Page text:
Postecoglou leads Yokohama F. Marinos to first J. League title in 15 years

For the first time since 2004, Yokohama F.Marinos, partly owned by the City Football Group, has been crowned champion of Japan.

Yokohama F. Marinos head coach Ange Postecoglou.   -  Instagram: yokohamaf.marinos

Ange Postecoglou ended Yokohama F.Marinos' wait for J. League silverware by leading the Japanese club to its first title since 2004.

F. Marinos — linked to Manchester City as part of the City Football Group, which owns a 20 per cent share in the club — had gone 15 years without a league crown. But after narrowly avoiding relegation in his first season in 2018, former Australia head coach Postecoglou ended F. Marinos' wait following Saturday's 3-0 defeat of FC Tokyo.

In front of a sell-out crowd of 63,854 fans at Nissan Stadium in Yokohama, 10-man F.Marinos emphatically sealed a fourth J. League trophy thanks to goals from Theerathon Bunmathan, Erik and Keita Endo.

F. Marinos — riding a 10-game unbeaten run and six-game winning streak — entered the final-day showdown three points clear of Tokyo, with Postecoglou's men needing to lose by four goals to be denied the title.

Read | David Villa will retire at end of year

For Postecoglou, surrounded by countrymen Peter Cklamovski and Arthur Papas, it is reward for the Australian's hard work and unrelenting belief in his philosophy following last season's 12th-place finish.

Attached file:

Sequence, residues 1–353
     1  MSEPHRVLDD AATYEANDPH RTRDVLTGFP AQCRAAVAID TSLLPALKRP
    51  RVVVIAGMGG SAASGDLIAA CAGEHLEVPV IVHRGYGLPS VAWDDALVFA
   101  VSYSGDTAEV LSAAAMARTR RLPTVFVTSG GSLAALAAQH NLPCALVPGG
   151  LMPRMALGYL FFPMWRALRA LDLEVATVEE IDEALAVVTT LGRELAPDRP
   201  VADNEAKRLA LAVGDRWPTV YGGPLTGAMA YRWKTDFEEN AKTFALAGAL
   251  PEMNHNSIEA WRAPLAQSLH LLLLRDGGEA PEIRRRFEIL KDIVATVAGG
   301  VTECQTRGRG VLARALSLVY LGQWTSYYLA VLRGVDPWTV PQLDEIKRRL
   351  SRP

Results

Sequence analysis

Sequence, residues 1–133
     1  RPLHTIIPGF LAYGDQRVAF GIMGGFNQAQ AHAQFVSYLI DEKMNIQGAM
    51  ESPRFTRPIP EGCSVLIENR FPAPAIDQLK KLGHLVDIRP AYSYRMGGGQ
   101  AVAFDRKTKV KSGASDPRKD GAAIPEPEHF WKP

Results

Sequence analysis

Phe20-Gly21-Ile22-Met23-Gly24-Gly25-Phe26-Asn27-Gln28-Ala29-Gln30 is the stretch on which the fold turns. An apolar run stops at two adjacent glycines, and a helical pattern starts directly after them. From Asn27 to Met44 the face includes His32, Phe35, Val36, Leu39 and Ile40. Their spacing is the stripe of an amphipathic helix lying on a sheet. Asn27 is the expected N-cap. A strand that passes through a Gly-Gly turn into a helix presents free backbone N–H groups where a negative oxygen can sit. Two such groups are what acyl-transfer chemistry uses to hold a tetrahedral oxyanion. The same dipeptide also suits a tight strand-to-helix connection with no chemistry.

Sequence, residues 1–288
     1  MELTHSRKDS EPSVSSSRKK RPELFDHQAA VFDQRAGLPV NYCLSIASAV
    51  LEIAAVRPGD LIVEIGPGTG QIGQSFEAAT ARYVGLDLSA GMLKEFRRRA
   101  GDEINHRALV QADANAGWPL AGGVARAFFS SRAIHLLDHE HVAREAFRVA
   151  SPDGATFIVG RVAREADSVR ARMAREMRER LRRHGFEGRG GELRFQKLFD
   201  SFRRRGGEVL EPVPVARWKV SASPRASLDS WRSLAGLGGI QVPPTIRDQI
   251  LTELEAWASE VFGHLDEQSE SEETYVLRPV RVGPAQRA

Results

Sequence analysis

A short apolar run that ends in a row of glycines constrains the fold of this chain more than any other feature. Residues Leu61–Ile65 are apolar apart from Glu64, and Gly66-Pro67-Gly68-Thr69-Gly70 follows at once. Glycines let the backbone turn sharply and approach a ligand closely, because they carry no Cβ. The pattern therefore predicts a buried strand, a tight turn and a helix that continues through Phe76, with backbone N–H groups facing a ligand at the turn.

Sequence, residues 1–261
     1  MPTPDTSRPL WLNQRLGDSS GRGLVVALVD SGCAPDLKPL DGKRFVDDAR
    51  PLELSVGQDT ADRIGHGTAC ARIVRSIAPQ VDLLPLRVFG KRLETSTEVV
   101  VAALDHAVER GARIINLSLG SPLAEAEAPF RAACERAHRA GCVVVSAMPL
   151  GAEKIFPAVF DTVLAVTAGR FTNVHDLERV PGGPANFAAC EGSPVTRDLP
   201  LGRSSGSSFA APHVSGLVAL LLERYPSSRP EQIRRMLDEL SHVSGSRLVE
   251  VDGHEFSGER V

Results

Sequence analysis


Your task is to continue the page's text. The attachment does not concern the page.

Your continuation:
Winner of two National Soccer League championships, back-to-back A-League titles and a record 36-match unbeaten streak at Brisbane Roar, plus a ground-breaking 2015 Asian Cup triumph with the Socceroos — Postecoglou turned F. Marinos on its head in 2018.

 

While there were initial struggles, the squad came to grips with Postecoglou's demands this season, though the 54-year-old never had any doubts as he wanted to leave his mark on Japanese football.

'A hell of a ride'

In an interview with Omnisport in April, Postecoglou said: "While it's not going to be perfect, particularly in the beginning, it's going to be a hell of a ride."

"It was always going to take a bit of time," Postecoglou added. "But it's consistent with what I've done before. I knew coming into it, the way I wanted to play was going to challenge everyone in the club. We had some really good moments and some poor moments. There was a massive difference in our best and worst, that was reflected in the results. We still made the cup final. At times, we played some good stuff.

"This year, we've changed the squad a fair bit. The main thing for me is we have players here who have the characteristics in what I need and I also think the club now understands sort of what we're trying to achieve. Everyone is fully supportive of it. The start of the season is promising. We are certainly more consistent than the last year but it's a tough league. Every week is a challenge, every week the opposition has outstanding players."

"Wherever I've coached, I want to win things," continued Postecoglou, who led Australia to qualification for the 2018 World Cup before stepping down.

"There's no shying away from that, as much as I want my team playing a certain way because I believe you can be successful doing it that way. What success looks like, I've never really thought that way. When I get a team to play the way I want to, success follows. That's the first challenge. We will see where that takes us. Hopefully we can win some silverware for the club and more importantly, win silverware playing a certain way. It will be exciting for the fans and hopefully make a difference to football."

  Dugout videos